“I took classes in math and physics, and all sorts of different engineering fields. I had an interest in optics and astronomy and took a class in remote sensing for space applications because Betina had taken it and really enjoyed it. That was my first exposure to doing work in space.”

Randy’s first major role was as a systems engineer working on the Atmosphere Infrared Sounder (AIRS) for JPL.

“A systems engineer is supposed to know just enough about all the disciplines—thermal, electrical, optical—so that they can make sure that all the parts of a project work well together. My background of having taken a few classes in everything was a good lead into this! I didn't have to be an expert in any one area, but I could at least speak their language well enough to help translate their needs to the next engineering discipline’s level.”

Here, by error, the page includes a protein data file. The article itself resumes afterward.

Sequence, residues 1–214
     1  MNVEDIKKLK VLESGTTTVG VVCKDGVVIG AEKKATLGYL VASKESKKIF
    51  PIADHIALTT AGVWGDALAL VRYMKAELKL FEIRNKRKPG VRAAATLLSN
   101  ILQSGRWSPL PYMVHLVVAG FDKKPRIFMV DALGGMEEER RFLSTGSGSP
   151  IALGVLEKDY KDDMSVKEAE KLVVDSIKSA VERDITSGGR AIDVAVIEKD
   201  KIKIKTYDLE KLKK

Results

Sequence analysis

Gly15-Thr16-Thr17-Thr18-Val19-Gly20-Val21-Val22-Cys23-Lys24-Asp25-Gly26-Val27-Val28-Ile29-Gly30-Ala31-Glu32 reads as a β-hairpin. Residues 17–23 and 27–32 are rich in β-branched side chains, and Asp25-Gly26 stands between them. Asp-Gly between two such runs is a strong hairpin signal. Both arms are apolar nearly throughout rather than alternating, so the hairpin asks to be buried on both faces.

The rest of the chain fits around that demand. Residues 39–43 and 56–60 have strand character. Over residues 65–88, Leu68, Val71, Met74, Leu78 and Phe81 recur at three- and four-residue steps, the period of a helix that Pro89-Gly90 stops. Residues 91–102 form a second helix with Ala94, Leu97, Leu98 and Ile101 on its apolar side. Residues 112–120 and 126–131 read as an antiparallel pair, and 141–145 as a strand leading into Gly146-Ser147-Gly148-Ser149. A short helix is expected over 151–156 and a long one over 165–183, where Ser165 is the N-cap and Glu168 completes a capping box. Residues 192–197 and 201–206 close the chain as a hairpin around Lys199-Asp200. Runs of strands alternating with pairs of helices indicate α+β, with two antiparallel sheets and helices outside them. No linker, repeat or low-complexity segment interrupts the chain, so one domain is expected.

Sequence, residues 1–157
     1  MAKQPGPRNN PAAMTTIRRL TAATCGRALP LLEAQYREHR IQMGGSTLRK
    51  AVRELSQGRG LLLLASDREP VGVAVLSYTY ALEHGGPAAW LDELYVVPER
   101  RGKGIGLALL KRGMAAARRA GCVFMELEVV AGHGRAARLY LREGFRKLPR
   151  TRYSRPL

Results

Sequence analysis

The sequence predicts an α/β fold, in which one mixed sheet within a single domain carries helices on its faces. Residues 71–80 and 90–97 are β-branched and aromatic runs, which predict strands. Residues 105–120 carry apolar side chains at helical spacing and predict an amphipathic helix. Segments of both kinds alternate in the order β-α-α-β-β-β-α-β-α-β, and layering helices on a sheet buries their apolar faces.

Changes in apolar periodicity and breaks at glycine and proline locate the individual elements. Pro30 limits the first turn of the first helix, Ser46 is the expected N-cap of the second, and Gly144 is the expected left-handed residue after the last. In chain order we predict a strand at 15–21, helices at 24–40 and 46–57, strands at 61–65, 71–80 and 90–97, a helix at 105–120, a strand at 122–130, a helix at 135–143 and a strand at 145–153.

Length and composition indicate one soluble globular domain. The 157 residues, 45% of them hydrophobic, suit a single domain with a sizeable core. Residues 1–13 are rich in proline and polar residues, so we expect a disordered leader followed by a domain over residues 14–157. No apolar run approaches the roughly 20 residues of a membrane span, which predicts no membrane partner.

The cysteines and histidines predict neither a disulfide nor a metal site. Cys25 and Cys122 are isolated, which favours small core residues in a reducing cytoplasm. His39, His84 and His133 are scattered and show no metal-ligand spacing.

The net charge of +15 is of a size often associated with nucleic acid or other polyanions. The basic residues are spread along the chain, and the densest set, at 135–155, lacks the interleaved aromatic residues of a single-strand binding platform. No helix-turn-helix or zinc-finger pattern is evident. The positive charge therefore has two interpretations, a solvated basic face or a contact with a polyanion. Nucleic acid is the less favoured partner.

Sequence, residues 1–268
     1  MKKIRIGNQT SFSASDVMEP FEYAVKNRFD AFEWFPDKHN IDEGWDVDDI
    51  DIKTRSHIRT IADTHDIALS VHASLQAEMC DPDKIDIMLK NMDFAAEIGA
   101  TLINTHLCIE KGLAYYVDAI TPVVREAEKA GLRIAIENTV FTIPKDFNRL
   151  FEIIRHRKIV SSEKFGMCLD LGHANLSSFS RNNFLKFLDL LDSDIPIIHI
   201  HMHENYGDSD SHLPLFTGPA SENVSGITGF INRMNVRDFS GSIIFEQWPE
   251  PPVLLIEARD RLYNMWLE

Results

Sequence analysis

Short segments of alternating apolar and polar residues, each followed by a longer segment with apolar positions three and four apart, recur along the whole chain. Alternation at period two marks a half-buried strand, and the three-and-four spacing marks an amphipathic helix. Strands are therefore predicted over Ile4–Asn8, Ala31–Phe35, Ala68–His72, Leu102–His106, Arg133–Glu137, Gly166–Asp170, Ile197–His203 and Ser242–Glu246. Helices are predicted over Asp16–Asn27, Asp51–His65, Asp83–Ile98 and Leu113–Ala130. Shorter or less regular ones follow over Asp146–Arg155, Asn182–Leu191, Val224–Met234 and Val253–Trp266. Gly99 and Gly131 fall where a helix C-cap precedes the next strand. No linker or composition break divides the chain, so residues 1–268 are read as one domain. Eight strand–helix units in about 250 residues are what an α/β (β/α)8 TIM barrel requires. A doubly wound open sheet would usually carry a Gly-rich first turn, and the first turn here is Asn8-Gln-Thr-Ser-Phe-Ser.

The mission objective of AIRS was to measure the temperature of the atmosphere as a vertical profile in roughly one-kilometre steps, covering the whole planet twice a day. “AIRS, in its first few minutes of operation, took a year’s worth of measurements compared to what weather balloons can do and has been credited with adding about three more days to typical weather forecasts.”

That is not its primary role, however, as Randy points out. “While AIRS has this benefit for the weather forecasting community, its primary science goals were to understand how different parts of the atmosphere interact and how heat moves through the atmosphere, and to be able to look at climate change questions. It just so happened that it was a fantastic advance in weather forecasting!”

AIRS is now 20 years into its six-year design life and is about to end because the spacecraft is running out of fuel to maintain its orbit.

Lost in space

Falling out of the sky or running out of budget are just two examples of the hazards that need considering when designing for space. Three of the missions Randy has been involved with have failed to make it far enough to get useful data.